By Pat Loeb
PHILADELPHIA (CBS) — The Commonwealth of Pennsylvania is in the process of rolling out new exams for high school students that will become a graduation requirement by 2017.READ MORE: New Jersey Officials Recommending All Residents Wear Masks Indoors In Certain Situations
Some suburban districts started giving them last week. Philadelphia will give them in January.
But already the tests are causing concern among educators and students.
The “Keystone” exams replace the PSSA as the state’s measure of a school’s yearly progress, but they differ in several important ways.
The new exams test specific subject areas: algebra, biology, and literature. They are more rigorous, which Jim Buckhite of the Pennsylvania Association of School Administrators says most superintendents applaud, but it also requires that they align their curriculum with the test, which many haven’t yet had time to do since the tests were announced only this summer.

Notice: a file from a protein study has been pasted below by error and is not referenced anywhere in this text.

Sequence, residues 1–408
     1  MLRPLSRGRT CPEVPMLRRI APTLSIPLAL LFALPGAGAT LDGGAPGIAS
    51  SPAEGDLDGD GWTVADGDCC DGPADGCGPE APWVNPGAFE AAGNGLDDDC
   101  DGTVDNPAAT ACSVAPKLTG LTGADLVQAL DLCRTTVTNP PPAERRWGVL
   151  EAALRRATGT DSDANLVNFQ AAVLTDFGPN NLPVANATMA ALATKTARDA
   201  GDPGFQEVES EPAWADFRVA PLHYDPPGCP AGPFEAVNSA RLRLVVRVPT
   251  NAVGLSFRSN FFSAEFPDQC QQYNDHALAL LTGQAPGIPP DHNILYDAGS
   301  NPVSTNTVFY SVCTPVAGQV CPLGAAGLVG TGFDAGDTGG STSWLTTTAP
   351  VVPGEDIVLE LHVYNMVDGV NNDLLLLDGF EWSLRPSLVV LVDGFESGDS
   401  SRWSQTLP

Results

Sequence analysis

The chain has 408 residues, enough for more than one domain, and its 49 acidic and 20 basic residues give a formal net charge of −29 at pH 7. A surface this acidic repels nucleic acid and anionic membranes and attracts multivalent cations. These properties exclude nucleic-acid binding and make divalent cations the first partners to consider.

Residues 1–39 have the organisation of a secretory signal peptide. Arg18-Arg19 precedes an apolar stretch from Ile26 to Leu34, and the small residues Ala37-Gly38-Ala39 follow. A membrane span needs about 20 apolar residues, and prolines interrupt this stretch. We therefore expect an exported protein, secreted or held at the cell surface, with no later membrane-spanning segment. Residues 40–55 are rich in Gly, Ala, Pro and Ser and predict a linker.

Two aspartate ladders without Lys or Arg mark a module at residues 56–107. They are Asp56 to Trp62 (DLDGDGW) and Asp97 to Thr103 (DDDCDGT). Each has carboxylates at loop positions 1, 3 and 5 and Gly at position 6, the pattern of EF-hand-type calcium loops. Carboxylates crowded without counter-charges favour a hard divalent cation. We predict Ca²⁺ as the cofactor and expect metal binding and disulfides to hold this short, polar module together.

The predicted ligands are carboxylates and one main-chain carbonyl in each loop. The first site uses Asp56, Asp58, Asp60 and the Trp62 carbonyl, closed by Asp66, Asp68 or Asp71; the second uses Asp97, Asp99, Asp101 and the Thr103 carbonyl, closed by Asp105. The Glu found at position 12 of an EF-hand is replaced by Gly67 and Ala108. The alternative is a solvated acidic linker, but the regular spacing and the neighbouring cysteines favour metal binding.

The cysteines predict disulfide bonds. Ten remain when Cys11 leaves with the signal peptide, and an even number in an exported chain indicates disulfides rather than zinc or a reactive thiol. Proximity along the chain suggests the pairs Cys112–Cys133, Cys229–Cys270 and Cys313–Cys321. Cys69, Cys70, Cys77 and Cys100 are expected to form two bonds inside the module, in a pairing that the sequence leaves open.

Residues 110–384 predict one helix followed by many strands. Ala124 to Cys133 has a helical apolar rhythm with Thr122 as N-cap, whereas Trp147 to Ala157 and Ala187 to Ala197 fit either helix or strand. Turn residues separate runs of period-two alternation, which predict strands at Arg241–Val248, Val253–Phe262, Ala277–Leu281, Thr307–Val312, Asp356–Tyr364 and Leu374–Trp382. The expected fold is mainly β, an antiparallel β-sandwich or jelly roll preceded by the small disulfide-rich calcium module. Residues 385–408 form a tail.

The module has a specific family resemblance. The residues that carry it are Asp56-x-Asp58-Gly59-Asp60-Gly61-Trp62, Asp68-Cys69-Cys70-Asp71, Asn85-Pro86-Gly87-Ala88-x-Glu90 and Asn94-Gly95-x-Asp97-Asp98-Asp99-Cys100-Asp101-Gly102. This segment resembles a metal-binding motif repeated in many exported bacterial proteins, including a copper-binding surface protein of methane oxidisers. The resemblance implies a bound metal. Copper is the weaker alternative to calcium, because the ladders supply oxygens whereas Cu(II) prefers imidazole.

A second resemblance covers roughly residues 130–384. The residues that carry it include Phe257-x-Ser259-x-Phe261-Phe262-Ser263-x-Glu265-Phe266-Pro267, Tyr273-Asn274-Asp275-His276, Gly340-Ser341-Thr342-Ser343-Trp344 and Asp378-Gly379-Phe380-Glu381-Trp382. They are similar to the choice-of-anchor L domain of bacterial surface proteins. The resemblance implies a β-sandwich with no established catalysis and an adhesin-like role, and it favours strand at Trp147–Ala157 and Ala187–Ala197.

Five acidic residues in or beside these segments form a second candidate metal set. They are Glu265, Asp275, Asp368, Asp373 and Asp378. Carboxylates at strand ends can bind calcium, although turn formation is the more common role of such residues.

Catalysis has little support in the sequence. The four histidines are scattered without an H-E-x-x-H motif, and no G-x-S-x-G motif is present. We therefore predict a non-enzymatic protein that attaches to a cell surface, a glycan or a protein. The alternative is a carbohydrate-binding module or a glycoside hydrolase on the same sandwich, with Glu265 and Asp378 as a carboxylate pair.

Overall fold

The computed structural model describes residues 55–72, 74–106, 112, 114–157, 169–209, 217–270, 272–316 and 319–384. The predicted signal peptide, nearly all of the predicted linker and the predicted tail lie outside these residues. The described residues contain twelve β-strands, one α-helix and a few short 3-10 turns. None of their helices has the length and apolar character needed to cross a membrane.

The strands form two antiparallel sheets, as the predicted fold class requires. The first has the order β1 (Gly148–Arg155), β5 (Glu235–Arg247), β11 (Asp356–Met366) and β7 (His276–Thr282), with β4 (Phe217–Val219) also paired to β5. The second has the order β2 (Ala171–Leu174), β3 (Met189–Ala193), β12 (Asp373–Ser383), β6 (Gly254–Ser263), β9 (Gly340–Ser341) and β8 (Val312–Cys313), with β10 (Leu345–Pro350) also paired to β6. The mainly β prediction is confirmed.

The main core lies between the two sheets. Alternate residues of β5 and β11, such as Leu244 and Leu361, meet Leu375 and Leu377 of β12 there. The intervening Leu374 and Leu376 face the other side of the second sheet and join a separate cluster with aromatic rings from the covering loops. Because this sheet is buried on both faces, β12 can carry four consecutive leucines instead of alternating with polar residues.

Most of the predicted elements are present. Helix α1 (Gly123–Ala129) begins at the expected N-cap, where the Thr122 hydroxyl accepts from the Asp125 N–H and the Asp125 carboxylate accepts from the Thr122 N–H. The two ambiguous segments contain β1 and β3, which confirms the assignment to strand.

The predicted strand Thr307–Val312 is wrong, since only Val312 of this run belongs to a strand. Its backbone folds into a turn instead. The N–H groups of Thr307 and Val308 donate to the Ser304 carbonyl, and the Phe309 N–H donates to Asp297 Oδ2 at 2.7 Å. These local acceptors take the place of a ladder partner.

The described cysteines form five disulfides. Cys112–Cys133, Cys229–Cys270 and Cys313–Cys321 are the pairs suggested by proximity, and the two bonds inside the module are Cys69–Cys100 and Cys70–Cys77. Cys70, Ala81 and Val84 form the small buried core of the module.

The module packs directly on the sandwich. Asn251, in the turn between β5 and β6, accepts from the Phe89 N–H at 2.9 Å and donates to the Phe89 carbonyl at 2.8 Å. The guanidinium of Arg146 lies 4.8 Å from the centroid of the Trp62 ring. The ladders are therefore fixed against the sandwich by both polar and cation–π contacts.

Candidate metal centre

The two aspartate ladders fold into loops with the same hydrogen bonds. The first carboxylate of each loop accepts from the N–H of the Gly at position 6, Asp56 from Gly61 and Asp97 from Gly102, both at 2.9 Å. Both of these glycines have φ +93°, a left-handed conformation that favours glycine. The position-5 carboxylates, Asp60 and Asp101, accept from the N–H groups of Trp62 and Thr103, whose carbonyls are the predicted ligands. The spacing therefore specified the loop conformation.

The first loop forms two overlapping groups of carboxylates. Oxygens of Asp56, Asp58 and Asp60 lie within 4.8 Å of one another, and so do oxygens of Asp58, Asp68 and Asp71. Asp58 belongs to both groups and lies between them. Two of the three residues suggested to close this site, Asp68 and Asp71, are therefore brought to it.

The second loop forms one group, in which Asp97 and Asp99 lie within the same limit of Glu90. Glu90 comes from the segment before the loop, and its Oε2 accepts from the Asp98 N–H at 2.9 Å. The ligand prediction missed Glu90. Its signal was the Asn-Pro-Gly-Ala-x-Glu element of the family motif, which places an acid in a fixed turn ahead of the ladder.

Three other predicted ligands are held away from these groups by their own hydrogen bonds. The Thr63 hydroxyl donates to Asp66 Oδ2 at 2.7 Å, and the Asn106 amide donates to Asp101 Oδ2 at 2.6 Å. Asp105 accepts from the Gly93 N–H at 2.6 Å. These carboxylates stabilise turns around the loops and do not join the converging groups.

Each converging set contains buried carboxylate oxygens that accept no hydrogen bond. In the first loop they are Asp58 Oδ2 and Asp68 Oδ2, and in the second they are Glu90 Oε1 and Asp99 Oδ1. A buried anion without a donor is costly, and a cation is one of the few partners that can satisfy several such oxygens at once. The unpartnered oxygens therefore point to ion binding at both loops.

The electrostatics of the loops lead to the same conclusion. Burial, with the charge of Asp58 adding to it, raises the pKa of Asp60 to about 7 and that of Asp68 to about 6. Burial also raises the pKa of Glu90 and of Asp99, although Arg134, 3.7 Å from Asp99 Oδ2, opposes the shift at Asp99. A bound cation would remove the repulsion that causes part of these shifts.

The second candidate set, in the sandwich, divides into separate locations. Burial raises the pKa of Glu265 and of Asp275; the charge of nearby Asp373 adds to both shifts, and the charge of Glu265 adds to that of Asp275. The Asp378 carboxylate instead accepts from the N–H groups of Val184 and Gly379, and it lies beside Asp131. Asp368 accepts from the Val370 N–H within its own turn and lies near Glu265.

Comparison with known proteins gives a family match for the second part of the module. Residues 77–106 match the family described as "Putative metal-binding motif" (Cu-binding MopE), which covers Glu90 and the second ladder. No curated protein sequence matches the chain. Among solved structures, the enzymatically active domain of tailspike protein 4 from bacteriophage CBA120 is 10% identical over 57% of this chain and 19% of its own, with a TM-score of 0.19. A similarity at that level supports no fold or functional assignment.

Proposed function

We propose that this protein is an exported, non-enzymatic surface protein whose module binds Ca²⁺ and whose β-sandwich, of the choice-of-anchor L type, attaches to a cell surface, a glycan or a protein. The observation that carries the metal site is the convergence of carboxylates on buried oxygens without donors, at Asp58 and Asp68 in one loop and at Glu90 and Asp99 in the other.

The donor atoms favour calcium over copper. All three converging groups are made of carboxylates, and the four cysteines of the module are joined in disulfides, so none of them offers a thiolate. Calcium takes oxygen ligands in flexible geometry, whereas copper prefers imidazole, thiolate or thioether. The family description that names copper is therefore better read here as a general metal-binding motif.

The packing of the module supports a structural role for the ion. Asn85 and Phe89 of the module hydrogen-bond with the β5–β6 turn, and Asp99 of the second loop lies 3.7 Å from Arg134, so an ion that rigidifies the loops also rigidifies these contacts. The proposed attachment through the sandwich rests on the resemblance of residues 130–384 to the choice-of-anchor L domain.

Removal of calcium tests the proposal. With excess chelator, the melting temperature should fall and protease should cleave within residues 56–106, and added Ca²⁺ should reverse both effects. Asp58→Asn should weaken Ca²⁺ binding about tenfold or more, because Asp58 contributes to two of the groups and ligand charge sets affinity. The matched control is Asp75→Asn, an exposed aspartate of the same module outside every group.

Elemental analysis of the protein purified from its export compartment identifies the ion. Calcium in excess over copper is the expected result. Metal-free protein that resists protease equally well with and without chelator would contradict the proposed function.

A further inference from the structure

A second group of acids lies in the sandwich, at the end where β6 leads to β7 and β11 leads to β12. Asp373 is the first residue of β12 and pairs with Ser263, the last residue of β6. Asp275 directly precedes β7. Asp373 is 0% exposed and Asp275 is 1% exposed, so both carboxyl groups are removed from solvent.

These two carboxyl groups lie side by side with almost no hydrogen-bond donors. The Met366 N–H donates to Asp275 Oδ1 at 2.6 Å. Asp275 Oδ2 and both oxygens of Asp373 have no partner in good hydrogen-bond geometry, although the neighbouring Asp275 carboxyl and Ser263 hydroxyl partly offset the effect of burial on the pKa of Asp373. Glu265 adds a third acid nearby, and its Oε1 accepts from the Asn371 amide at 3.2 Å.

“So it really is sort of putting schools in a very, very difficult position and will paint them as, essentially, failing,” Buckhite tells KYW Newsradio.READ MORE: Eviction Moratorium: What Happens To Renters When The CDC Ban Expires?
But state officials have applied for a federal waiver so the scores won’t count right away in appraising schools. Still, they’re going ahead with the new testing even though they haven’t gotten an answer yet — or even approval for the new tests.
“Do we expect the number of 11th graders scoring ‘proficient’ to equal what the 11th grade PSSA is? No, we don’t,” Pennsylvania Department of Education spokesman Tim Eller acknowledges.
The stakes will be even higher when the tests become a graduation requirement — which has prompted a protest from, among others, Lower Merion junior Seth Eisenstein.
“Just the overemphasis on standardized testing in general,” he says, “this is only making that worse.”
State education officials say the tests will ensure all graduates in Pennsylvania have mastered high school essentials. The class of 2017 will have to score “C” or above on the tests to graduate.
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